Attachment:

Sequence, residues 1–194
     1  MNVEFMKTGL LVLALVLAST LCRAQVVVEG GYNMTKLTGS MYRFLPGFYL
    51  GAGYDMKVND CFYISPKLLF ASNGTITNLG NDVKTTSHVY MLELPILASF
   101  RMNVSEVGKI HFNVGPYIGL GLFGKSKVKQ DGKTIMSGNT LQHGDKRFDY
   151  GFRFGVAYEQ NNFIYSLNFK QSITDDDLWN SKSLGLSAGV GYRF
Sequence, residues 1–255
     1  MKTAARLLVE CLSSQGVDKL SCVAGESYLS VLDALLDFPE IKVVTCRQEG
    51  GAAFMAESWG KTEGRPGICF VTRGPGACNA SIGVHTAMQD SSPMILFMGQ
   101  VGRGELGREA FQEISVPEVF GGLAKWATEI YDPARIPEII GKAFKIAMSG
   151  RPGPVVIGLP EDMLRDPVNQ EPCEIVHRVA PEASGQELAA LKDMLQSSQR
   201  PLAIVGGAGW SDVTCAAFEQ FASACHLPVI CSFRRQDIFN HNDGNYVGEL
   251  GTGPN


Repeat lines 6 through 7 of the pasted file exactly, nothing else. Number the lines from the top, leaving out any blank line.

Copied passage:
Sequence, residues 1–255
     1  MKTAARLLVE CLSSQGVDKL SCVAGESYLS VLDALLDFPE IKVVTCRQEG